"Councilman Daamon has been a major contributor in making this possible." The Councilman appeared on screen, his smile empty. His gray eyes were cold and hard. Seth felt that they were the eyes of a man who lacked empathy. Unlike many of his aged counterparts, he was cleaned shaven, trim, and held himself with a regal superiority. "We seek to unify our nation. Our future as a species, the future of our children and our grandchildren, depend on acts of civility such as these to build a stronger safer nation. Through this program, new candidates may take on the mentorship of experienced Hunters to become stronger assets of their respective communities." Dezmond spoke to the camera. Seth could hear the note of conviction in the Councilman's voice. These were words spoken from the heart; they were words the Councilman had faith in.

The woman's voiceover continued. "Councilman Daamon is the father of the late Governor Daamon, who had been found guilty for the murder of four Red Order Crimson Knights. The former governors adopted daughter, Astral Alexandria Daamon, will be attending the Council's Academy this year. Lady Daamon is the heiress to the multi-billion credit technology industry Omega Corp Ltd currently owned and operated by Lord Damien Daamon, the proud benefactor of over a million people."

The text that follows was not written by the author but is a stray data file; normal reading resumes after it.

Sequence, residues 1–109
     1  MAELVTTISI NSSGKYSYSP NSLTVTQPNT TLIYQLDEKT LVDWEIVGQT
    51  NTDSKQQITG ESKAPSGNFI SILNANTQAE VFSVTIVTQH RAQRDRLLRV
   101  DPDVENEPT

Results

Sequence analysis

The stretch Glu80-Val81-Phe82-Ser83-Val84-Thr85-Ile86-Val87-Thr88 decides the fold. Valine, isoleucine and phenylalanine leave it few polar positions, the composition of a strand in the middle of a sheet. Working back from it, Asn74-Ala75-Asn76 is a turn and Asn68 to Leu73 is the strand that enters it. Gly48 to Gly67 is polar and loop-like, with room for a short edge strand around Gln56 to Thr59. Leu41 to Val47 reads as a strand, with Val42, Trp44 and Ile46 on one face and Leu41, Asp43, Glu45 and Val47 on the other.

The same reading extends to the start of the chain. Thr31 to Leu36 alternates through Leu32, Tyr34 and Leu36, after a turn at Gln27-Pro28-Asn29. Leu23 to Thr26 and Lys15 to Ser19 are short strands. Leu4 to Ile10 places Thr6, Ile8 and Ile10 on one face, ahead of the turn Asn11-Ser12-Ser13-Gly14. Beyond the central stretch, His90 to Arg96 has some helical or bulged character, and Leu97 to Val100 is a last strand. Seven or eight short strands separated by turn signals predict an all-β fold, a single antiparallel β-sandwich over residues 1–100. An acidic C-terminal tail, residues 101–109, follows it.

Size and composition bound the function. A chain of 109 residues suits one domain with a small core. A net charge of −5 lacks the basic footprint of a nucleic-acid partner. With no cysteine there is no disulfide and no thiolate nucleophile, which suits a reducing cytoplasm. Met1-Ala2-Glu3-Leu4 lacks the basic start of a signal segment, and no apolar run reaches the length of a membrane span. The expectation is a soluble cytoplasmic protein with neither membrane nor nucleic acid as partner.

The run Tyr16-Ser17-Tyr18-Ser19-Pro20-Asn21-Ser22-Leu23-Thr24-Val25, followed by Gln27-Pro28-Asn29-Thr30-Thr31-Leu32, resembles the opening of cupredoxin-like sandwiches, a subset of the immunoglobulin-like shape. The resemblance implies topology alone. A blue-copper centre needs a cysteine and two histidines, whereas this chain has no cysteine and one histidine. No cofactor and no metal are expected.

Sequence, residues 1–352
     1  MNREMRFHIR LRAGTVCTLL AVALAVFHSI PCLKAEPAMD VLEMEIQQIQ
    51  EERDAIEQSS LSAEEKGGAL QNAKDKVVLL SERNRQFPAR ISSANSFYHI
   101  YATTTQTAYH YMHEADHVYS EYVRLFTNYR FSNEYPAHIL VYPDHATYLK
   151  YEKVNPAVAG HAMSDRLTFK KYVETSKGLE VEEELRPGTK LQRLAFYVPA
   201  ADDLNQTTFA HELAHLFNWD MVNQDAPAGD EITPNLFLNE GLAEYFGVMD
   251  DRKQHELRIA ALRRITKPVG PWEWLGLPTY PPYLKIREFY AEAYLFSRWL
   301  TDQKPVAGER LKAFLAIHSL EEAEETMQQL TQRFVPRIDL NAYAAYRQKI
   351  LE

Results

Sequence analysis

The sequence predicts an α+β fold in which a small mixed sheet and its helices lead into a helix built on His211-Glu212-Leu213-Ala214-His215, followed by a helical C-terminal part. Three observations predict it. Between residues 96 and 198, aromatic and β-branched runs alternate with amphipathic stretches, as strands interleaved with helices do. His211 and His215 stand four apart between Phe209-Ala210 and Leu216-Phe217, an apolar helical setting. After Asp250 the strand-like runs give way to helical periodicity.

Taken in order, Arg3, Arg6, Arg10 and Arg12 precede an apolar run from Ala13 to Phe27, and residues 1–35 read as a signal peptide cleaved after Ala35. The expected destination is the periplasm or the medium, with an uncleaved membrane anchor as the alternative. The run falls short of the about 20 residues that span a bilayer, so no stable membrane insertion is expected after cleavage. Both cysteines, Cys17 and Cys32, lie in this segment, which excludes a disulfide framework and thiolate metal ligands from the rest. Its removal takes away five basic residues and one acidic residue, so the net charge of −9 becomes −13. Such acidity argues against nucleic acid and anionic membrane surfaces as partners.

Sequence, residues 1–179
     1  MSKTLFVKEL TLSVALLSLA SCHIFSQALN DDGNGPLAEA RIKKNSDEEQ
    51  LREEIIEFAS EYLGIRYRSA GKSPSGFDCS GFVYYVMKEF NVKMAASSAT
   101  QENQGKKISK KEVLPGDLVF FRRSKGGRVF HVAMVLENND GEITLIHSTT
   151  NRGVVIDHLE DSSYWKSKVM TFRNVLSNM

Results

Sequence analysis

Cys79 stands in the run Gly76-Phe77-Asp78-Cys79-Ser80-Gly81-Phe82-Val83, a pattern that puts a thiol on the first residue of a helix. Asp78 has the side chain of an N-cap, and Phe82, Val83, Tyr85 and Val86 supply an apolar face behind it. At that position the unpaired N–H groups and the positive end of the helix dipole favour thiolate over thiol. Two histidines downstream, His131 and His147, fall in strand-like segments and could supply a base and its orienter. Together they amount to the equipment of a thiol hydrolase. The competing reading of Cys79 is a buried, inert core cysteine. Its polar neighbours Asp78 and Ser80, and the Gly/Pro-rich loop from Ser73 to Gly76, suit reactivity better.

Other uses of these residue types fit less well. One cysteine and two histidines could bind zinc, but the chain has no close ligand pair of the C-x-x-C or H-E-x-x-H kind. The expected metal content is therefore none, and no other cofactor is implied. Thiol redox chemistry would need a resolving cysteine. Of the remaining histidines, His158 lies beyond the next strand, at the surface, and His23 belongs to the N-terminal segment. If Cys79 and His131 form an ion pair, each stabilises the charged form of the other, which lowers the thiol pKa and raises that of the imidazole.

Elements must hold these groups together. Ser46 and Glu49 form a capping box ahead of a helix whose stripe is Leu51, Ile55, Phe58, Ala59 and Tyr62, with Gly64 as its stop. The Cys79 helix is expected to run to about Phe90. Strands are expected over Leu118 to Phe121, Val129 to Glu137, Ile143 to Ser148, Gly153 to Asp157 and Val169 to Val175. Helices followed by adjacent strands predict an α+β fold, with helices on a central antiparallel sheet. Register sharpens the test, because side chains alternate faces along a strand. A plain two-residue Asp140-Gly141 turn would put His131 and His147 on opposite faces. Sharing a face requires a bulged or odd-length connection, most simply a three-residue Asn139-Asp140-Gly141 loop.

'Typical,' Seth sneered. They pretty much painted a bull's-eye on the girls back. He didn't pity her. People of her status came equipped with the expectation that the world would do as she bade it. Students who sought opportunity would flock to her, use her, and then dispose of her as soon as her usefulness was spent.

"Lady Daamon was unavailable for questions," the woman concluded.